Family History Notebook
26th August 2007

The following notes were written by my grandmother, Cissie Rattray (ne Franceska Mary Eleanor Mhler) to one of my cousins about 1950.

Family Stories

Greatgrandmother, born a Jewess, married an Irishman, - Keogh, and a Roman Catholic; she also became a Catholic. Bore eighteen children, five of them died young. Mr Keogh had by a first marriage six children - I don't know what happened to them but my grandmother used to visit a nun who was her half-sister. I saw my great-grand only once - a tiny wrinkled old lady, still active. Mr Keogh was manager of a mine (don't know but think it was gold) in the interior of Brazil. So GG took her thirteen children, ages 2 to eighteen, by sailing vessel, a voyage lasting five months, to Rio. I asked my granny once, what did you do for washing?". She told me - used sailors' gunnybags with long ropes, and dangled them over the side of the ship till the clothes were clean! Reaching Rio, they had a three-week journey to the mine, the older children riding on mules, GG and babies carried on a litter.

How long they stayed on the mine I do not know, but they came back to Rio and must have lived pretty comfortably. My aunt had a water-colour picture of two young ladies in crinolines, walking in a garden, each with a little black slave carrying a parasol over them.

There was an Emporer [sic] of Brazil in those days. My granny told an amusing tale about that life. Fashions changed, and small crinolines were worn at the back. There was to be a Royal Court ball and all the ladies sent to England for a bustle! Grannie's did not arrive!!! She tied all her undies over a tape, put on her ball dress, made it look as much like the others as she could. But disaster followed: the tape broke and down came the undies, while they were dancing the minuet! Granny at once ,,fainted" on top. Gentlemen rushed to carry her out; she whispered to them to put their arms well under her, closed her eyes and was borne away - - -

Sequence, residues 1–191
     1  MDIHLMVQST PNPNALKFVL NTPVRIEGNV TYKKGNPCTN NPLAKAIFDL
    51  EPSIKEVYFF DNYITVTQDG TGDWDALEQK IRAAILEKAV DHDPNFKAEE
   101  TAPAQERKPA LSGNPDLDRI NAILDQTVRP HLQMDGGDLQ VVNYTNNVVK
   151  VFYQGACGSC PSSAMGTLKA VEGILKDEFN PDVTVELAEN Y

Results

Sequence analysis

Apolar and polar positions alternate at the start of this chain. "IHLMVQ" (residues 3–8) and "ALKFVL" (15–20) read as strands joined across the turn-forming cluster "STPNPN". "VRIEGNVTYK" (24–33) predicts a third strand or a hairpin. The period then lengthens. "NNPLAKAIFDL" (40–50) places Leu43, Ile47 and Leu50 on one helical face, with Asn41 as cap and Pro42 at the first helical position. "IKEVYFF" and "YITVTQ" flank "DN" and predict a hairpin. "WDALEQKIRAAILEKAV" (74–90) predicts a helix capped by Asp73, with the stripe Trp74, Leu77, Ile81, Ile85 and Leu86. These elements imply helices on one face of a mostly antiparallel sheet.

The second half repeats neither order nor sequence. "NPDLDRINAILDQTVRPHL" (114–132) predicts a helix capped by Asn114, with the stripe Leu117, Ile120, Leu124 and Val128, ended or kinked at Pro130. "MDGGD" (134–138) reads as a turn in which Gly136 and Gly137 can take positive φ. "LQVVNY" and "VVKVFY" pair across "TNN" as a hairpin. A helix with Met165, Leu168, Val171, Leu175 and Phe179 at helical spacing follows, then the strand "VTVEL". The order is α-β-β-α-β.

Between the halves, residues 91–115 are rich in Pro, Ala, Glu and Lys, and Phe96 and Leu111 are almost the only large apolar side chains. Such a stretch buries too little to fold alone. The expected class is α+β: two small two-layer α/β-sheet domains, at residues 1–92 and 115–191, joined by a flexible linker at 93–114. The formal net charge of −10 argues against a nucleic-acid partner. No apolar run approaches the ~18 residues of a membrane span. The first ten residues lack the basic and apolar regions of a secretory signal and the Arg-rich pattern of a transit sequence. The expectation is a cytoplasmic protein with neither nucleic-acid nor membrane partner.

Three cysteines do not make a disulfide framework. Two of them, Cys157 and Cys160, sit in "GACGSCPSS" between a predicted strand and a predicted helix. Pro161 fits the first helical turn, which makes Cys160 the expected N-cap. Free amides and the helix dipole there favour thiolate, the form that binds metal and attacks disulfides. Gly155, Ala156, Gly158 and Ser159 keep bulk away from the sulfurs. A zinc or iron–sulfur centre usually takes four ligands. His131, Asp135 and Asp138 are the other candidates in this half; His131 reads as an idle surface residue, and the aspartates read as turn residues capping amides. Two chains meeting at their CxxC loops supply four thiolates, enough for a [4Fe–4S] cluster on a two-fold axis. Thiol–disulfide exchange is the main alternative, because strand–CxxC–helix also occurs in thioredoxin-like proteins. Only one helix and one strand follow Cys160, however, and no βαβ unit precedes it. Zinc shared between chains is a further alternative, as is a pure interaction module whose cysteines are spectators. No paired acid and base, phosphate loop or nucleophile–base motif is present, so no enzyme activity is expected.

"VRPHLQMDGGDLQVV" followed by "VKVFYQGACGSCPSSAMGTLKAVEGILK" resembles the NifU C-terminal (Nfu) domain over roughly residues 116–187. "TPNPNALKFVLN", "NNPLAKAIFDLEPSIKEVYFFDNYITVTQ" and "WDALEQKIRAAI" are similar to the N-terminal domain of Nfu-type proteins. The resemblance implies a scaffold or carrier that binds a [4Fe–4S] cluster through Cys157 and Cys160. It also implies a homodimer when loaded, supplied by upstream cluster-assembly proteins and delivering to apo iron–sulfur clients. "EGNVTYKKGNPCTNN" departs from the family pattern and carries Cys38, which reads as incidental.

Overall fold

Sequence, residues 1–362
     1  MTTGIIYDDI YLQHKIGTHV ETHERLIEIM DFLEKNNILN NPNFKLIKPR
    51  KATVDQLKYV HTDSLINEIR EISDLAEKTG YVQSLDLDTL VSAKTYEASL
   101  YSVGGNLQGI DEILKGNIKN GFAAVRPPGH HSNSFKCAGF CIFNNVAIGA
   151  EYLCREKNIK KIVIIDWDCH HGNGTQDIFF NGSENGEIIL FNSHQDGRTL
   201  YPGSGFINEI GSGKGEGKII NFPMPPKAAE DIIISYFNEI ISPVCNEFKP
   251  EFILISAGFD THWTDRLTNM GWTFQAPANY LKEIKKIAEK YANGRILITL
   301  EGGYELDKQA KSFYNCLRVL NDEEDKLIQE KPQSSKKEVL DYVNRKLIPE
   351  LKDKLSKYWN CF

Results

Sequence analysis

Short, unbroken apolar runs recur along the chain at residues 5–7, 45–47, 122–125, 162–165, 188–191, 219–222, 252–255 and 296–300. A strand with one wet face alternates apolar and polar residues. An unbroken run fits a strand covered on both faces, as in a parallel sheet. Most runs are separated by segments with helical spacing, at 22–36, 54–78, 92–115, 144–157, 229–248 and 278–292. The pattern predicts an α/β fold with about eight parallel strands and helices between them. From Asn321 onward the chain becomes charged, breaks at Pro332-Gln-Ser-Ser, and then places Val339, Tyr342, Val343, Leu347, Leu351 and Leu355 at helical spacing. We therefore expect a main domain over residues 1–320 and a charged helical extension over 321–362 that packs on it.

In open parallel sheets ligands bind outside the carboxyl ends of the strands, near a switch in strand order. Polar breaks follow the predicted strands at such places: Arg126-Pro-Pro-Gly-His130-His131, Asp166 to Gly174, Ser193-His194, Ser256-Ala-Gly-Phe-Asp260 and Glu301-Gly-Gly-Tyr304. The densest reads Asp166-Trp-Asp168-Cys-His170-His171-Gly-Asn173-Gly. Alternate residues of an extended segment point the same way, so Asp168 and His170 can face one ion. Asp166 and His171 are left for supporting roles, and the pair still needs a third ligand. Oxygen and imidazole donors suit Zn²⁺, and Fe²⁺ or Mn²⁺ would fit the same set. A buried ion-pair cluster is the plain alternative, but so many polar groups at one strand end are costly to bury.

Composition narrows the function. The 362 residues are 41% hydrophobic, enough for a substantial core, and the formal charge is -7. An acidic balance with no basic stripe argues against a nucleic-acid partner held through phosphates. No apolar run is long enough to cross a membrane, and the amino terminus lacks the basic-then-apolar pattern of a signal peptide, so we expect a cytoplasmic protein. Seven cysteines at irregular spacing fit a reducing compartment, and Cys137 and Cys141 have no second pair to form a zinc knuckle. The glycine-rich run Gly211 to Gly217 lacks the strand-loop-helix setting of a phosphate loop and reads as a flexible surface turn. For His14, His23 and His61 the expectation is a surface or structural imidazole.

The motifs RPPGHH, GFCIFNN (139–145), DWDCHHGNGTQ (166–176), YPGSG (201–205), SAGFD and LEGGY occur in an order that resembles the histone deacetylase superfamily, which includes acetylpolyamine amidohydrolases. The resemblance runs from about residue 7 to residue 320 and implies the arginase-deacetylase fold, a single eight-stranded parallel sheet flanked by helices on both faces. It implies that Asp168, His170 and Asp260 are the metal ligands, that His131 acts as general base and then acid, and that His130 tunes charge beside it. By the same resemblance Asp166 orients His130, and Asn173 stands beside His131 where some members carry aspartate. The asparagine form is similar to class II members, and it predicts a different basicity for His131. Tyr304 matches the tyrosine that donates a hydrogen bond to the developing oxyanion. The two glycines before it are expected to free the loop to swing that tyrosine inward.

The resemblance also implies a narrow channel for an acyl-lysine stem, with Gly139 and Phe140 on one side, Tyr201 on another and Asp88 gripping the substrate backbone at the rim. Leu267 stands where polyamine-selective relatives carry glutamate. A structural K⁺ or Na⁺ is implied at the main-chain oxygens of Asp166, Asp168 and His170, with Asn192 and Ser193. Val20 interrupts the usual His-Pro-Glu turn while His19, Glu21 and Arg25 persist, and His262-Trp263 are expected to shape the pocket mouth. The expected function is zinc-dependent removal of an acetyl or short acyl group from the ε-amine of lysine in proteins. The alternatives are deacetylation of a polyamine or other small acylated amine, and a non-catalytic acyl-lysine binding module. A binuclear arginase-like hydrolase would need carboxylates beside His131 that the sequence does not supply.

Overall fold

Granny married an engineer, and her twin sister a doctor. The Crimean war was on, and the doctor and Aunty Fanny went to it. Florence Nightingale attended Aunt Fanny when her first baby was born. She lived to 101, her sight bad, but her mind still clear. Granny and her husband prepared to go out to the war, bought fur and warm clothes for that climate, but the Danube froze, the ship could not move, so they never went.

I don't know much about their lives till three of the sisters and the youngest brother all lived in London. I went to my first ball at Aunt Fanny's.

There was only one other story about Granny. She and another sister when quite small - - Granny had a cutting from a newspaper advertising their loss, but she cut out all the ages so that we would not know how old she was -- were kidnapped. No word about how they were found.

Your mother says you have the family tree, so my tale ends here.Keogh lost notice

The lost notice is dated Saturday, May 24th and so must have been 1828 or 1834. At this time Fanny and Mary were three and a half years old. Another version of the story says that they met their husbands on the trip to the mine (when they were 18). The Crimean War broke out in 1854. This implies that they were born in 1830 and the trip to Brazil was 1848 or 1849. The Brazilian Empire lasted from 1822 to 1889. Slavery was not finally abolished until 1888.

Notes

1    Another version of this story has also been passed down.

2    'Great-Grandmother' was Catherine Lewis who married George Drew Keogh who was the manager ('Superintendent') of the Morro Velho gold mine in Brazil from 1846 to 1853. Mary (Minnie) Keogh married (William) Henry Richards  and Frances (Fanny Keogh) married Dr Hugh Birt.

3    The trip to Brazil would have been about 1848.